Karnataka government moved the apex court in the morning for permission to postpone the implementation of the Supreme Court order to release Cauvery water to Tamil Nadu till January 2017. It said it has come to court after witnessing its people’s “acute situation of distress” due to scarcity of drinking water.
The State, represented by SC advocate Mohan Katarki, reproduced the unanimous resolution passed by both Houses of the State on September 23, 2016, that no water should be taken from its reservoirs except to meet the drinking water requirements of the people of the State, including the entire city of Bengaluru.
In short, Karnataka wants the Supreme Court to modify its September 20 order directing the State to release 6000 cusecs of Cauvery water every day to Tamil Nadu till September 27. It said this amount of water, for the time being, would have to be treated as “arrears” to be paid back to Tamil Nadu by the end of the season.
Within hours of the filing of this application, Tamil Nadu hit back by filing an application of its own followed by an urgent mentioning in the post-lunch session before a Bench led by Justice Dipak Misra. The Bench agreed to list the application on September 27.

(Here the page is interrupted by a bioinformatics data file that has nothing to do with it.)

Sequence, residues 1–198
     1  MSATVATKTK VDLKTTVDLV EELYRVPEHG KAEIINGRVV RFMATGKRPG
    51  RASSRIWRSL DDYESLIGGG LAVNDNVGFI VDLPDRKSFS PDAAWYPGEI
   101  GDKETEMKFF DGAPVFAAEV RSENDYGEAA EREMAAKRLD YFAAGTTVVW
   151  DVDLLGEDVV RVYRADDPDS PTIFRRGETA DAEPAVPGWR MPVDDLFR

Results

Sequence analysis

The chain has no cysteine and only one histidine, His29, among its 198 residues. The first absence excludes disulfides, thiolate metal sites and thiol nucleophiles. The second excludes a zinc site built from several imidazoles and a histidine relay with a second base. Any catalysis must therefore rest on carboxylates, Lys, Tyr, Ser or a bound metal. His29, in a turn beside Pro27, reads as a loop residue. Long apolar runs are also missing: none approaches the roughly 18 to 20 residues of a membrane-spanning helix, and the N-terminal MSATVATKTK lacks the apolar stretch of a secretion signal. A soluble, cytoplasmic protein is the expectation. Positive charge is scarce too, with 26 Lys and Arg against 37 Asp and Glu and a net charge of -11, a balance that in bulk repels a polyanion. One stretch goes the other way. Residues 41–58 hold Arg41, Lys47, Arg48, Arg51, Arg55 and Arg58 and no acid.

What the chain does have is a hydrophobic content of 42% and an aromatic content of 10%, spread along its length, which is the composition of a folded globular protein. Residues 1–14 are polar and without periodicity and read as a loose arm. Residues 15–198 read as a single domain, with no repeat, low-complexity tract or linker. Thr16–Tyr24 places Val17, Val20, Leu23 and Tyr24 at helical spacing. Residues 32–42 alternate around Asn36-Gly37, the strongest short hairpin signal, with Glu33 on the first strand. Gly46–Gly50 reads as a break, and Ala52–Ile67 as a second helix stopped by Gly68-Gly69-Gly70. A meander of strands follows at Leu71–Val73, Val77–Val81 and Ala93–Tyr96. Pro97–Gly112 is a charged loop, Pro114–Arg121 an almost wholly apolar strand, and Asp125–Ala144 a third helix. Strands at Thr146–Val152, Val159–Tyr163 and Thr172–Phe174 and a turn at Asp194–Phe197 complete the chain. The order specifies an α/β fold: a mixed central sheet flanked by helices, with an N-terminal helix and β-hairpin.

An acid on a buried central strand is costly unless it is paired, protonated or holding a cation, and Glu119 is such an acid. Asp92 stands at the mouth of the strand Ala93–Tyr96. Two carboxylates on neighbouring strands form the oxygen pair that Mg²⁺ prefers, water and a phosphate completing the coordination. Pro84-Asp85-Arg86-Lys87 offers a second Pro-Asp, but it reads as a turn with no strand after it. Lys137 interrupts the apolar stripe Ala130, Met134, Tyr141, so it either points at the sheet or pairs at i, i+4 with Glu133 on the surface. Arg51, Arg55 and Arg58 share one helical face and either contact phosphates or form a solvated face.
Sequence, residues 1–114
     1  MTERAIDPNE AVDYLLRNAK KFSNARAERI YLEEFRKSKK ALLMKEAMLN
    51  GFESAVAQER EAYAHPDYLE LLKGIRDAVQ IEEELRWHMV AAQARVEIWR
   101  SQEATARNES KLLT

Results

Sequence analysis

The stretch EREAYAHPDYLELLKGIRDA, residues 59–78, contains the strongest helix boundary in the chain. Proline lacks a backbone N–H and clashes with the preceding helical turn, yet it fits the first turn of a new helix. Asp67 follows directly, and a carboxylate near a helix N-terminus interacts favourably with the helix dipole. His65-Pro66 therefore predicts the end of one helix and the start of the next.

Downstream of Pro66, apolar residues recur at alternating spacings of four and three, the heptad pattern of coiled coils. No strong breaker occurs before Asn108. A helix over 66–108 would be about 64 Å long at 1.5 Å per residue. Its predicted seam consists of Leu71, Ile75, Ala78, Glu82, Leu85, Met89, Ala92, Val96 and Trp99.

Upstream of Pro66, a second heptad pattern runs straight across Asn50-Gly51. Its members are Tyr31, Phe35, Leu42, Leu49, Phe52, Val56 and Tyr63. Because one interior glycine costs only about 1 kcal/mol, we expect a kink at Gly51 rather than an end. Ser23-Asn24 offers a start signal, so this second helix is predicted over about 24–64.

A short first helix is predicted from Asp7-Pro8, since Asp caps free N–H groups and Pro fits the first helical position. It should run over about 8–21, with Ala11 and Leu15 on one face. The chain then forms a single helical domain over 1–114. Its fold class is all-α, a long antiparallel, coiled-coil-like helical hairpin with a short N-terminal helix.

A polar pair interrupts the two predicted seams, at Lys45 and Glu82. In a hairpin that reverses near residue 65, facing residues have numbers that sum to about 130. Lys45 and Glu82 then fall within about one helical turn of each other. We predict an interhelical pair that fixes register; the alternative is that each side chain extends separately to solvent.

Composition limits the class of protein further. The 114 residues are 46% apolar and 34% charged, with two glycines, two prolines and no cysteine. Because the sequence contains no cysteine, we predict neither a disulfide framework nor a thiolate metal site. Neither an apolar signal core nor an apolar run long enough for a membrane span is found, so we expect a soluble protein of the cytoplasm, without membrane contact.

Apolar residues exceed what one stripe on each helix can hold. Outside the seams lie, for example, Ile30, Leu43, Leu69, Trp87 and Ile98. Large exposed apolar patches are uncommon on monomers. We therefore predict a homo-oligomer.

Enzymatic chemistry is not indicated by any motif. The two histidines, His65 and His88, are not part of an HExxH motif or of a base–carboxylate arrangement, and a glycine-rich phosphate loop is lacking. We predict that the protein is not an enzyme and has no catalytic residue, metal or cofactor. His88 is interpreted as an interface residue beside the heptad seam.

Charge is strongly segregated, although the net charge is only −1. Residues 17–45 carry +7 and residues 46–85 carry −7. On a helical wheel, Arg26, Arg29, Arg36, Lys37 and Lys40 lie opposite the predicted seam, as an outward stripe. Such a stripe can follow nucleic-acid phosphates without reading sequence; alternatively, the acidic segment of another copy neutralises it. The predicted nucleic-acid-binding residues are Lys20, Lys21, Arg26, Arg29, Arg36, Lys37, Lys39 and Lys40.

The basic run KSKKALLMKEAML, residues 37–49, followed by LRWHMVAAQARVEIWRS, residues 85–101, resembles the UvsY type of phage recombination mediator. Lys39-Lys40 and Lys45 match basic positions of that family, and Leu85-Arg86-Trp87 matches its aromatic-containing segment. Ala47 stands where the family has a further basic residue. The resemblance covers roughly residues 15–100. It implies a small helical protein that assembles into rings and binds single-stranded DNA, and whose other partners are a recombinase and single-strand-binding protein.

Tamil Nadu asked the apex court to not entertain any one of Karnataka’s pleas until it complied with each and every one of the series of three orders the Supreme Court passed in September for release of Cauvery water. It called Karnataka’s manoeuvres as a “conscious refusal” to release water to Tamil Nadu.
“Court’s dignity at stake”
“The State of Karnataka is acting as judge in its own cause and refusing to comply with the orders passed by this court by consciously failing to ensure the release in spite of the matter being sub-judice before this court,” the Tamil Nadu application filed by advocate G. Umapathy said.
Tamil Nadu countered that Karnataka’s stand that it required the entire storage of water in its four reservoirs to meet drinking water requirements was “totally untenable”.
Tamil Nadu highlighted how Karnataka had issued an Ordinance in 1991 to stall the release of Cauvery water. On that occasion, the Supreme Court, while quashing the ordinance, had termed Karnataka’s move as “an invitation to lawlessness and anarchy”.
It said the State’s ordinance was seen by the apex court as “a manifestation of a desire on the part of the State to be a judge in its own cause and to defy the decisions of the judicial authorities”.
Tamil Nadu said the Supreme Court should enforce its orders in order to prevent any “evil consequences to the federal structure”. The partisan interests of a State cannot be allowed to prevail over the interests of other States.
“The prestige and dignity of this Court is at stake,” Tamil Nadu countered.